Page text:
So what is the role of a reporter representing a black audience on the Hill and in the White House, then and now? It’s asking questions that no one else will ask, as Payne did of President Dwight D. Eisenhower in 1954, when she asked when he would desegregate interstate travel. (Eisenhower’s angry answer generated national headlines: “The administration is trying to do what it thinks and believes to be decent and just in this country, and is not in the effort to support any particular or special group of any kind.”)
It’s deciding when to be openly angry and when to be quiet. It’s also, unfortunately or not, deciding when to be used by the White House or State Department when the powers that be need the attention of a black audience. The experiences of these three women mesh together, with time warping around them. For example, Ryan mentions her 1999 soul food sit-down with a select group of black journalists and President Bill Clinton. McGrath documents that Payne did the same thing with then-Vice President Richard M. Nixon and Pat Nixon in 1958.
The authors and editors tell the very specific stories reasonably well. As editor of Alone Atop the Hill, Carol McCabe Booker—the wife of Jet’s former Washington correspondent Simeon Booker, now 96, a contemporary of Dunnigan’s and Payne’s—machetes Dunnigan’s 1974 self-published book down to the adventure-filled bone. James McGrath Morris, Payne’s biographer, does a yeoman’s job of the tedious primary-source work. Morris collates Payne’s various library paper collections and an oral history into a story so powerful, it relegates Lois Lane to the cartoon character she is. But all too often he substitutes quotes from news clippings for a deeper historical analysis that could have contextualized Payne better; he seems to be in a rush to finish. Ryan seems to want a white audience to be comfortable purchasing and reading this book and, therefore, is (overly) objective and understanding, if not slightly sympathetic, to the presidents she has covered: Clinton, George W. Bush and Barack Obama.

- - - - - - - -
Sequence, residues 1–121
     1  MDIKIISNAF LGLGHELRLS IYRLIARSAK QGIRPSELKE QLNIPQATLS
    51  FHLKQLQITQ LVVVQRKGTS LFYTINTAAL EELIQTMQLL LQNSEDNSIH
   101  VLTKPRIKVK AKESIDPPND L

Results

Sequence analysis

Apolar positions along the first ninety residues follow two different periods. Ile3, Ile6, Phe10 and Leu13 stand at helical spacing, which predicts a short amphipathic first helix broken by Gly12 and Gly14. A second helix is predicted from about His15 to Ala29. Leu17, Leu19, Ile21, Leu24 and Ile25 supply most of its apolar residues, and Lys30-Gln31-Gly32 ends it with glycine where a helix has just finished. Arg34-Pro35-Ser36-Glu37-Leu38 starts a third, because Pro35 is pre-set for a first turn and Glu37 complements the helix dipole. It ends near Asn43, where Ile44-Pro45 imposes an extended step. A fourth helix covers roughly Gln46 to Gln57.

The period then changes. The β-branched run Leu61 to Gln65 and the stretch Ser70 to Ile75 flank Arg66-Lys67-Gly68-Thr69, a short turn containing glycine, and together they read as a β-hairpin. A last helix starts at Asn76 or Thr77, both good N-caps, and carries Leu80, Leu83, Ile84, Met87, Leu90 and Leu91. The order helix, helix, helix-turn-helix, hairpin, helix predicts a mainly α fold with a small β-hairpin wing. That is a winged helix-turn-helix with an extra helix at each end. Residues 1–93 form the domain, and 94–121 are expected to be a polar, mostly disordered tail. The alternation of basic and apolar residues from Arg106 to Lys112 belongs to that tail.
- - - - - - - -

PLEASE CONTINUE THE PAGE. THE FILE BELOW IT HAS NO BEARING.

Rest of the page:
These works are a fantastic prologue for study of black-oriented journalistic work in Washington, D.C. As Ryan’s career shows, black-owned-and-operated media maintain an important presence on the Hill and in the White House press corps. The work has not stopped and will continue into the future.
This trio of Ryan, Payne and Dunnigan span almost two-thirds of a century, from the mid-20th century to early-21st-century black America. Those in permanent love with the sociohistorical setting of the politics of Capitol Hill and the White House will find their stories required reading, as will serious historians of black American media.
But perhaps the most important audience for these books is young black women who want, as their employment, the ability to question high authority—those who are not afraid to step into the spotlight and fight for inclusion in Washington’s boys club on their own terms as independent African Americans.
Todd Steven Burroughs, an independent researcher and writer based in Newark, N.J., is the author of Son-Shine on Cracked Sidewalks, an audiobook on Amiri Baraka and Ras Baraka through the eyes of the 2014 Newark mayoral campaign. He is the co-editor, along with Jared Ball, of A Lie of Reinvention: Correcting Manning Marable’s Malcolm X and the co-author, with Herb Boyd, of Civil Rights: Yesterday & Today.